Although selling wireless applications to corporations rather than consumers offers better economics, it also comes with its own problems.
The real advantage of selling to corporations
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Wireless goes to work
Vendors have started making this shift because it's easier to see that benefits outweigh costs in corporate sales than in direct-to-consumer sales. After all, wireless services provide largely intangible benefits, such as greater convenience and just-in-time information.
Enterprises will buy wireless applications and the services based on them if they can achieve a return on investment (ROI) greater than the "mobility tax"--that is, what wireless applications cost in money, support and reduced bandwidth when compared with fixed-line services. For now, wireless' appeal to enterprises is limited mainly to vertical markets, such as shipping and receiving, utilities and services (such as appliance repairs).
In some of these markets, wireless repays its cost in just nine months. Elsewhere, however, ROI is harder to justify. Wireless services may, for instance, give salespeople greater flexibility, but being able to make one more call per day still may not justify the outlay in many cases. For this reason, wireless adoption among enterprises in general has gone slowly.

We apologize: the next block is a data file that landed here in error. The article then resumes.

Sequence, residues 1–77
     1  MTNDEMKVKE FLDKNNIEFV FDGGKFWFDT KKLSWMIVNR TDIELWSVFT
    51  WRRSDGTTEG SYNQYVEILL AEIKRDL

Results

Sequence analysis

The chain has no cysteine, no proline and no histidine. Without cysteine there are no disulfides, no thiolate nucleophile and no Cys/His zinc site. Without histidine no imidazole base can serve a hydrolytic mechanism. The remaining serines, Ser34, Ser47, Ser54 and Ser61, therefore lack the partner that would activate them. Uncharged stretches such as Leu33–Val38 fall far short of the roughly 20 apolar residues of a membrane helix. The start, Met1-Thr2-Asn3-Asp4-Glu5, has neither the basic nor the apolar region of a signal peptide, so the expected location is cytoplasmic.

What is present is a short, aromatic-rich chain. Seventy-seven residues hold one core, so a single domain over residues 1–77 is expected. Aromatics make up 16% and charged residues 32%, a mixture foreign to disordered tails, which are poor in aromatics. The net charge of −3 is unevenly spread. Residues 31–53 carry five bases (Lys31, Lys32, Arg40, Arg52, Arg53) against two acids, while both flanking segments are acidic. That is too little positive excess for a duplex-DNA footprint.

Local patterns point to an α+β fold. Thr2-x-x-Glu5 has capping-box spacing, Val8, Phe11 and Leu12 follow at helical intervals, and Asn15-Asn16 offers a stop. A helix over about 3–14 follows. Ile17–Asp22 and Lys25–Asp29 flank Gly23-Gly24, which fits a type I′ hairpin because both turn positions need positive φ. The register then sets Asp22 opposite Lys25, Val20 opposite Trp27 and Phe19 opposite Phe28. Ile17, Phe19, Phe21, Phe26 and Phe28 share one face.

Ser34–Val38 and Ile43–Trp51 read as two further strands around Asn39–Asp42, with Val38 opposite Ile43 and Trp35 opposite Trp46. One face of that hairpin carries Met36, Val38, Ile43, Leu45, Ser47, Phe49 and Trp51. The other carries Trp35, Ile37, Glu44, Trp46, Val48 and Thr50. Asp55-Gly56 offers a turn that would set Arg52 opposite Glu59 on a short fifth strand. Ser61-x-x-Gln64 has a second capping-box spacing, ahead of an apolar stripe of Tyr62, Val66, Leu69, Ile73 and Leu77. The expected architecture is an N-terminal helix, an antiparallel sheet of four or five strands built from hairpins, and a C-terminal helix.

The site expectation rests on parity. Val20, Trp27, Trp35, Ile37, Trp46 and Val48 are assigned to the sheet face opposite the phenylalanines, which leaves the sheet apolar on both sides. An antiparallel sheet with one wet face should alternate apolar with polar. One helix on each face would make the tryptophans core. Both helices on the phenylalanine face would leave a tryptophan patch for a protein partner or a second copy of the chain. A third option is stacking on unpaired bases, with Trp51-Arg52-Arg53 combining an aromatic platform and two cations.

Although some consumer-oriented vendors have built some brand recognition--and spent a lot of money doing it--the consumer wireless market likely has entered a period of rapid change. Successful vendors will have to learn from mistakes and refocus on strategies that work. For example, successful services will be location-specific and sensitive to the customers' preferences. A service uses wireless advantages well, for example, when it can recommend to a customer a restaurant near his or her immediate location--based on the consumer's preferences.
Many providers of wireless services that have not done this will likely go out of business or be acquired during 2001 in what Gartner predicts will be a major shakeout comparable to what happened to many dot-com companies in 2000. Adding to the pressure will be mobile device manufacturers such as Kyocera, Nokia and Samsung, which have begun to embrace the larger handheld operating system community--for instance, Palm and Windows CE--and thus draw on its strong ties to the developer community. These companies will start to drive more of the innovation in the consumer market.
Finally, established Internet companies such as Yahoo and media companies such as AOL Time Warner will continue to pursue wireless services and applications. They will offer consumers one-stop shopping. For example, many consumers will welcome the convenience of setting up a profile just once with one company for both fixed-line and wireless Internet service. Life is bound to become more difficult for pure-play consumer wireless providers.
(For related commentary on what surveyed CIOs said about security and mobile device, see TechRepublic.com--free registration required.)
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